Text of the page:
I've written a dozen pilots for US networks. Six made it to series. And the path from concept to final cut was always far from a smooth ride. William Goldman's Hollywood adage "Nobody Knows Anything" is never truer than in manufacturing a television pilot.

In some cases, the budget changed and key scenes had to be scrapped, shot more economically or completely re-imagined. Desired Actors became unavailable or were replaced after scene tests and the material had to be reworked to play to the strengths of the replacements.

Once or twice a secondary cast member shone and additional scenes were added to enhance their presence. Once or twice the reverse happened when a lead didn't live up to expectations.

From the first moment you watch dailies, the writers and producers become involved in a balancing act attempting to steer the pilot back to its original course and at the same time directly into the teeth of anything new and positive that's coming to light.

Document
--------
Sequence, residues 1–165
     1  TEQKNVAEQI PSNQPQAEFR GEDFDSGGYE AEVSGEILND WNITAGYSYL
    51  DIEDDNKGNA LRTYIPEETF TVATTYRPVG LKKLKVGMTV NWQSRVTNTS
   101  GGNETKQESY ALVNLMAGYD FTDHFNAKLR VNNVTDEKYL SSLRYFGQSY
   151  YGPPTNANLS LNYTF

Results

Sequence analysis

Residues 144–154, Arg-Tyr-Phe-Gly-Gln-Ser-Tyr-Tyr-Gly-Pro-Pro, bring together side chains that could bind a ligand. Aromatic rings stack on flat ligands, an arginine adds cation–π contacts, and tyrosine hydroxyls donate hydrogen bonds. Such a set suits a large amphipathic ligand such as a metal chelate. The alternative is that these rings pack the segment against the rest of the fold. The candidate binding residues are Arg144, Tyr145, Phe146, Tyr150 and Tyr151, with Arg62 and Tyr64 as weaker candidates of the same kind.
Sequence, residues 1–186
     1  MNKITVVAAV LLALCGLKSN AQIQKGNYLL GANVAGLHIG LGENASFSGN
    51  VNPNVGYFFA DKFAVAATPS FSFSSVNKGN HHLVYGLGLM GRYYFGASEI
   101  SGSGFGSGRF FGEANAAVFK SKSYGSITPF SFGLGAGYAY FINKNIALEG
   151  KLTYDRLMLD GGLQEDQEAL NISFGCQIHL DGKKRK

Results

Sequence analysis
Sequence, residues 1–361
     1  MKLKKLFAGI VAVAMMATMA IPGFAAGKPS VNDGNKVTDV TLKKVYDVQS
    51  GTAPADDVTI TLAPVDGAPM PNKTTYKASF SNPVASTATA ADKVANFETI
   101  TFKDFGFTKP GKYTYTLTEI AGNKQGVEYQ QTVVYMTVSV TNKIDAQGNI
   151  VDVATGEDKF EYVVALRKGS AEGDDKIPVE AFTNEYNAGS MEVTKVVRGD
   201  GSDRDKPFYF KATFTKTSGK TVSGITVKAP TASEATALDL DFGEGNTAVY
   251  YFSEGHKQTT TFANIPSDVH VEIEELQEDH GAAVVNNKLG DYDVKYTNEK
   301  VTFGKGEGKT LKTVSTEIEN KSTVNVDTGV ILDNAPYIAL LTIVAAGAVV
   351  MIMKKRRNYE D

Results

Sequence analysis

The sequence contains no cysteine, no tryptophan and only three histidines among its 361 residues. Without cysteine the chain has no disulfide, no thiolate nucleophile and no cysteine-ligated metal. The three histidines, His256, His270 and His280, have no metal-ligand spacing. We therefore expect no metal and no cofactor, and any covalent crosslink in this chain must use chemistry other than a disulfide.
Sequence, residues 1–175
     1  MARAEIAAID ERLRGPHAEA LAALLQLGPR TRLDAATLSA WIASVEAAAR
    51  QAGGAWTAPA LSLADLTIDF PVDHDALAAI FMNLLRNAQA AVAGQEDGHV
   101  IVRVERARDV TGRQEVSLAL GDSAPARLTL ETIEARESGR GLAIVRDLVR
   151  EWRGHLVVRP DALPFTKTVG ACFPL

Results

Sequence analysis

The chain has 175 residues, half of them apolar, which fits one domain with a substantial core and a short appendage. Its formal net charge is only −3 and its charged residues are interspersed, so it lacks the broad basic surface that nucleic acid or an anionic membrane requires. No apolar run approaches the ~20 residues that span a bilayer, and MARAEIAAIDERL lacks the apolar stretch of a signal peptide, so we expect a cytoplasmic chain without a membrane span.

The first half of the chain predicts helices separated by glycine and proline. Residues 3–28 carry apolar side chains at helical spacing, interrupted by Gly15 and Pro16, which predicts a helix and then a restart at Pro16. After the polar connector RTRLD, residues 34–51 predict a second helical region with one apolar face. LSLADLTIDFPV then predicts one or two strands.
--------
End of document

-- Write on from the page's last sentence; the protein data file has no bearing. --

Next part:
And from production designers to editors to composers, unforeseen elements were contributed to the vision or failed to deliver the desired result.

Of course, all of this was always accompanied and/or complicated by network notes. A development exec would be uncomfortable with a line reading and question an entire story arc. A VP of programming wouldn't like the lead actor's hair and demand some alternate choices. The company president might catch the latest blockbuster on the weekend and want a change in tempo or tone.

Once or twice somebody's kid would say something cute or hook into a new trend and we'd have to work that in.

The creation of a pilot is not unlike the gestation of any other living creature. The initial concepts of the participants are combined like strands of DNA. The nutrients of the talents consumed in the process begin to shape it, revealing its faults and strengths. Additional revisions are made to mend the missteps and facilitate what's working.

Even when the creatives and their network supervisors are "finished", the shaping of a pilot is still not done.